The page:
If the query is OK, enter the following command.

UPDATE mysql.user SET Password = OLDPASSWORD('simplemachines') WHERE User = 'SimpleMachines';

If this query is OK, and it works, type exit, and press Enter. Now attempt to login to the SimpleMachines user. Once you've logged in, enter the following command.

show databases;

You should be given an ASCII table that shows there's a database of simplemachines. Yippee.

Now, let's install Simple Machines.

Installing Simple Machines

First, unzip the downloaded zip file. The files are not within a directory in the zip file, so make sure you create a folder to dump these into. I'll be using one called SimpleMachines.

Since we're installing locally, we don't have to worry about permissions. So, once Simple Machines has been decompressed, navigate to the Simple Machines root folder in your browser. Since you haven't setup Simple Machines yet, it will redirect you to the installer, which is located at, in my install, http://localhost/projects/simplemachines/install.php.

You'll be prompted for Basic and MySQL Server settings. I left the Basic Settings as they were. MySQL Server Settings have been started, we just need to confirm and finish them.

MySQL server name: localhost
MySQL username: SimpleMachines
MySQL password: simplemachines
MySQL database name: SimpleMachines
MySQL table prefix: smf

Once you proceed, you should now be able to create your account. As before, I used the same username and password as I used in the previous forum installs.

Your username: admin
Password: cbe15b
Password: cbe15b
Email Address: [email protected]

You'll also need to enter in the MySQL database password, which is the same as you used before (simplemachines in my case). With that, finish up. You should be told that the installation process is complete, and you can now delete the install file (possibly using the installer). You'll be automatically logged in. If install.php still exists, you'll be told so.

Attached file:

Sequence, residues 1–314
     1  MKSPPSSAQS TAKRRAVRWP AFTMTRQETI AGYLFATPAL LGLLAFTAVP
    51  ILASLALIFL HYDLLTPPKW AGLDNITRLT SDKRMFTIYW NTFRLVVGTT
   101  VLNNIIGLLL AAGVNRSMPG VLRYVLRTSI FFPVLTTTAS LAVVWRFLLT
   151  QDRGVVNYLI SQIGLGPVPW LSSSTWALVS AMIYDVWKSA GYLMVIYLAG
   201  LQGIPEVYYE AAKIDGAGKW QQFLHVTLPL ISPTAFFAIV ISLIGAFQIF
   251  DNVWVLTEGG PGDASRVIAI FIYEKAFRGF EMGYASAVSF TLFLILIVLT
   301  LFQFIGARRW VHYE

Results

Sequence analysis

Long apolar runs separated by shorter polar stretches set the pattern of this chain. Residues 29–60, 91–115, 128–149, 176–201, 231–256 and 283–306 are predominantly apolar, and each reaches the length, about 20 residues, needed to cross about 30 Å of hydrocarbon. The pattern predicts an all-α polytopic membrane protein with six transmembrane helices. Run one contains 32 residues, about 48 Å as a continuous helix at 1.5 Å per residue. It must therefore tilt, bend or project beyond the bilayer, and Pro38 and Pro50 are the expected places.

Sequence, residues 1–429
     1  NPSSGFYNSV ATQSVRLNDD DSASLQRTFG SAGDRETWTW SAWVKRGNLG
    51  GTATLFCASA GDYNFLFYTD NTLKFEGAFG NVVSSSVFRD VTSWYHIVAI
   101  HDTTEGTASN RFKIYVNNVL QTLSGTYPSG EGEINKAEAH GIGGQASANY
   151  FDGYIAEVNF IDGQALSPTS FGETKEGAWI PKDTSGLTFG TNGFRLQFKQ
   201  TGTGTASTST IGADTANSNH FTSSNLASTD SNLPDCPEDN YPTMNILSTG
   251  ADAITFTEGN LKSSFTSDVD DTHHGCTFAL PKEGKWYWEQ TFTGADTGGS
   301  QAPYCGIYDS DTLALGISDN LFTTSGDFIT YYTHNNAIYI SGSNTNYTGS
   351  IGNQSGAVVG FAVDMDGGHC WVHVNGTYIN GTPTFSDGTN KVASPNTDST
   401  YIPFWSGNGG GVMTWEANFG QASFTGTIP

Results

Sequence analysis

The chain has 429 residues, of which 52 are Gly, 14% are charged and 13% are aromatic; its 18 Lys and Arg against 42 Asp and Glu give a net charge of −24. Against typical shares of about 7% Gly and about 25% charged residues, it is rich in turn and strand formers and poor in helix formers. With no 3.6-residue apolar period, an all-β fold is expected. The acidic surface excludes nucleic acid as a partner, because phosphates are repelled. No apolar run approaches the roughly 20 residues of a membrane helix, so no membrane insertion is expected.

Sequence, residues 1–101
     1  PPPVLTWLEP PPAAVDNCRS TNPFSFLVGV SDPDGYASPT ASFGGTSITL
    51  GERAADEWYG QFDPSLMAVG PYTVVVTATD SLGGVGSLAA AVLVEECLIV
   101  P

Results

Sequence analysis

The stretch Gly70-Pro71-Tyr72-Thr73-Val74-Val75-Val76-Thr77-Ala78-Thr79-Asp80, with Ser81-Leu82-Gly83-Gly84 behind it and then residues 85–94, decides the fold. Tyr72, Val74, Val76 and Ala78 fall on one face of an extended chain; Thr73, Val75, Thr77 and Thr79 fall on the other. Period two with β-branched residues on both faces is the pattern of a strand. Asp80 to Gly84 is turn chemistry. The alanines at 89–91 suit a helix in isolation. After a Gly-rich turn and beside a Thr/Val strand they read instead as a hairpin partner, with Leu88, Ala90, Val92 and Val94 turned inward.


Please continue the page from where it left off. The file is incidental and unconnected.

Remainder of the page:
How's the code look?

Unfortunately, Simple Machines is very table heavy. Combined with the fact that they don't have summaries, the code isn't the cleanest. In addition, links use ids that start with numbers, which is not that good of a thing.

Inside, the code looks pretty darn good.

Default layout and administrative interface

Once installed, Simple Machines setups up one category and one topic (with one post). That's nice.

Unfortunately, the look is very, very, boxy. Some people like this, but I like things that flow a little more. There is another theme installed by default, which looks much better.

Upgrading

Checking for updates is quite easy from the interface. From the looks of it, upgrading is just as easy, since there's a separate file. Wow.

The temporary conclusion

I've used Simple Machines before on Fractovia. I don't really care for it, since it feels and looks clunky. On the bright side, no configuration files to manually update. Thus far, three reviews down, I'm siding heavily with Vanilla.

But, before we dig any further, we'll need to install some more forums.

Stay tuned for the next PHP Forum review.

View all of the steps to creating a local Web server, for development.